Flybe insists it will maintain a presence at four airports where jet services are being withdrawn in an effort to save costs.

The airline also issued an apology for the disruption caused to passengers on Wednesday due to the sudden cancellation of 5% of flights across its UK network as a result of a pilot shortage. More than 30 flights were affected.

Flybe confirmed that jet flights from Cardiff, Doncaster, Exeter and Norwich would be withdrawn, but will continue with cheaper turbo-prop services.

It described the flight cancellations as being unrelated to this decision.

“Flybe would like to stress that the current flight cancellations being experienced are not linked to this decision and are the result of a combination of other factors,” the carrier said.

“We have now put in place a number of contingency plans to minimise future disruptions and to manage any repeat of the level of cancellations.”

No cancellations are expected today.

The airline extended its call centre hours last night and this morning (Thursday) following Wednesday’s disruption.

Flybe added: “The future situation remains under review and we will be doing everything possible to avoid any further undue inconvenience to passengers.

“Customers are advised to monitor and our social sites for up to date information.

“Due to the high volume of calls being made to our customer call centre, we would ask customers for their patience and to do any necessary re-bookings online if at all possible.”

Which? Travel editor Rory Boland said: “Thousands of people will understandably be frustrated to have their travel plans thrown into chaos by these last-minute cancellations – and the lack of clear information provided by Flybe was completely unacceptable.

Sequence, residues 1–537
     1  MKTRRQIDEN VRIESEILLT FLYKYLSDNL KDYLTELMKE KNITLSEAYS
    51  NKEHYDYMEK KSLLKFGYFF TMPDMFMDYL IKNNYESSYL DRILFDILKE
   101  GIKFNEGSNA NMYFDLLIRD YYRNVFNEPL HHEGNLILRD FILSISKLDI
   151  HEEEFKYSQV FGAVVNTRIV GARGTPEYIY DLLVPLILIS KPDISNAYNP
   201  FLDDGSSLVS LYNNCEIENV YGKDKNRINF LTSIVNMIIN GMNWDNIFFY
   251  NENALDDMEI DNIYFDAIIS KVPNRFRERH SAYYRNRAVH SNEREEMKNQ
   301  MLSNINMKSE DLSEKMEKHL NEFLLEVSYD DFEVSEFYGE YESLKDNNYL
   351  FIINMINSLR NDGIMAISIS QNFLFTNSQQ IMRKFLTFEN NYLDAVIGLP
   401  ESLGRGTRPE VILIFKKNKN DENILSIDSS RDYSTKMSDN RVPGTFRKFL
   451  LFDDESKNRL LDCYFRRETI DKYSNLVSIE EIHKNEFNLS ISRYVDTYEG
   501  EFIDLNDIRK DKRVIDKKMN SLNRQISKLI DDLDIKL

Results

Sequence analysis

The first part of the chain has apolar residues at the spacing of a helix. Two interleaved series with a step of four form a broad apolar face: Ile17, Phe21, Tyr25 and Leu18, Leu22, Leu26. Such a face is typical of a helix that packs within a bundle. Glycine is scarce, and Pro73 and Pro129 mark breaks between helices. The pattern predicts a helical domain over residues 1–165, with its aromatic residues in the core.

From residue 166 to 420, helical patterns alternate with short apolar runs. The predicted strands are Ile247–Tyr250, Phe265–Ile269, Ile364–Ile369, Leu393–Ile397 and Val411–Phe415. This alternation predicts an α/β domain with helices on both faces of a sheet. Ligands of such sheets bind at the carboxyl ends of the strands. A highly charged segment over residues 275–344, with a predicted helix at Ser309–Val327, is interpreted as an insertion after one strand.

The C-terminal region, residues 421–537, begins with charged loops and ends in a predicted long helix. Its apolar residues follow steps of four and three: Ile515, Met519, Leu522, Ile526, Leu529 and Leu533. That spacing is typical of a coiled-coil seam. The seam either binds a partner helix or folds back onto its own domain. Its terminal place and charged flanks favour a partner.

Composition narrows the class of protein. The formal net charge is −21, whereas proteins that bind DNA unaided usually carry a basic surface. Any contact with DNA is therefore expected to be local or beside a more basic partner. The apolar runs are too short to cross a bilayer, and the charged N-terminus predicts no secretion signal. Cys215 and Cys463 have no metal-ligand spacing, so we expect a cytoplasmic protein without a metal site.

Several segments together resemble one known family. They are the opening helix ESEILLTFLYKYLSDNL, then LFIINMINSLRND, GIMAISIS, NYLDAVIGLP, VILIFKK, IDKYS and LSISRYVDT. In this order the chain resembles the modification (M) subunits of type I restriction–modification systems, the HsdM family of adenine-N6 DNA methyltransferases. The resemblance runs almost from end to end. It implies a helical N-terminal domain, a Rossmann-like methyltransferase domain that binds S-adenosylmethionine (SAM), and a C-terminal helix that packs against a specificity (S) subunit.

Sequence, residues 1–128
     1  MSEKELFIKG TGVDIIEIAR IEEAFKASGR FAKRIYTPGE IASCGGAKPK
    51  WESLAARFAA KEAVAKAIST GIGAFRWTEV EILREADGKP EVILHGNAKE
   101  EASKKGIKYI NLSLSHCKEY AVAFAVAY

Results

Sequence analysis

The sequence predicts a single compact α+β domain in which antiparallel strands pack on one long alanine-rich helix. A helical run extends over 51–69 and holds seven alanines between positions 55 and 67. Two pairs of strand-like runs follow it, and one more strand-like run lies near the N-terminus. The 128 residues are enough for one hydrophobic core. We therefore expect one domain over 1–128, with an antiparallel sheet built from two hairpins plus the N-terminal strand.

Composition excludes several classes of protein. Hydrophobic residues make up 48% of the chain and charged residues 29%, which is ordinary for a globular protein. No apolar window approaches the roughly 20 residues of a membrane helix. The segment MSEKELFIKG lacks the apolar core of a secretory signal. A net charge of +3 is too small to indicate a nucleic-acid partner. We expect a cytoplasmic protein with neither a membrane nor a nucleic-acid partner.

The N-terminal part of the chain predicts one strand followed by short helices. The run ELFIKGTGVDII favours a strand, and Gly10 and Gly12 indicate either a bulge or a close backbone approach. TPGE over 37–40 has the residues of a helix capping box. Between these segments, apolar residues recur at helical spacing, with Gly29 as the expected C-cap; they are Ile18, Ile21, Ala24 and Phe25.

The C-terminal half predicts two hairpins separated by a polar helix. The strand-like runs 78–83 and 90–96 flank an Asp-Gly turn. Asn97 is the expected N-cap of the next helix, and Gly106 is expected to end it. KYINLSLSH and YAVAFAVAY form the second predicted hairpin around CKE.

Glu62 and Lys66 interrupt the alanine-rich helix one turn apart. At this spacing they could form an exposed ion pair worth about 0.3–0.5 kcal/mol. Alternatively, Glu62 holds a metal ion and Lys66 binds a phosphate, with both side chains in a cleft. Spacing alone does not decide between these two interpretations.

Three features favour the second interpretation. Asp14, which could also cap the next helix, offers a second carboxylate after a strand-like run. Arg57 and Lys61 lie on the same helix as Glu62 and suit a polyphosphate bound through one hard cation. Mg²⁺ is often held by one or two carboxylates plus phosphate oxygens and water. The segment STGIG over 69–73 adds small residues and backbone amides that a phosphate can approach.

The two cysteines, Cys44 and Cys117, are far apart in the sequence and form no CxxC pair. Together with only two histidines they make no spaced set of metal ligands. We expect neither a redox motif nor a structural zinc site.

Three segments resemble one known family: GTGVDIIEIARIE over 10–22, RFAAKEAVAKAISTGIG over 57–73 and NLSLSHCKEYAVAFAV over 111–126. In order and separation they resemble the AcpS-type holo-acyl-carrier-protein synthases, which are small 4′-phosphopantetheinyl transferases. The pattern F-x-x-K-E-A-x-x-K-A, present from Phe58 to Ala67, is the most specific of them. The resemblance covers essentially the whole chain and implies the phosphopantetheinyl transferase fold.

“All passengers affected by these cancellations are entitled to a full refund or to be rerouted on to another flight to their intended destination – and to over £200 compensation under European air travel rules.”

The base review comes as part of a previously stated strategy to reduce its aircraft fleet and return all six of its 118-seat Embraer 195 regional jets to their lessors this financial year.

The 78-seat Bombardier Q400 turboprop will continue as the “backbone” of the network.

Cardiff and Doncaster Sheffield will see bases that support jet services shut from the start of the 2019-20 winter timetable. Flights to and from both airports will be operated by Q400s and crew flying from other bases.

Jet operations from Exeter and Norwich will also cease from October 26.

“This will not impact the Q400 operated schedule out of Exeter, nor the existing base structure,” the airline said.

The withdrawal of jet services from Norwich will not affect services from the airport operated by franchise partner Eastern Airways.

The impact on jobs was not detailed by pilots’ union Balpa said it will be working closely with the airline “to ensure pilots’ jobs are protected and that this difficult process is handled as professionally as possible”.

Flybe CEO Christine Ourmières-Widener said: “Our fleet reduction has always been core to improving our profitability.

“We are committed to assisting all our affected employees across the impacted Flybe bases.

“We remain fully committed to Exeter, Cardiff and Doncaster airports and will continue to offer a comprehensive choice of regional and European destinations operated by our 78-seat Bombardier Q400 aircraft.”

A spokesperson for Doncaster Sheffield airport said: “Flybe have operated services at various levels from Doncaster Sheffield airport since 2006.

“Flybe have recently changed ownership with future plans to restructure including a move away from jet flying to stabilise the business across their network.

“We are working closely with Flybe and expect them to continue operating at DSA beyond the current summer and winter 19/20 schedule which will be on sale shortly.”

Shareholders in Exeter-based Flybe last month agreed its sale to Connect Airways, a consortium including Virgin Atlantic and Stobart Group.

MorePilots union condemns reported Flybe base closures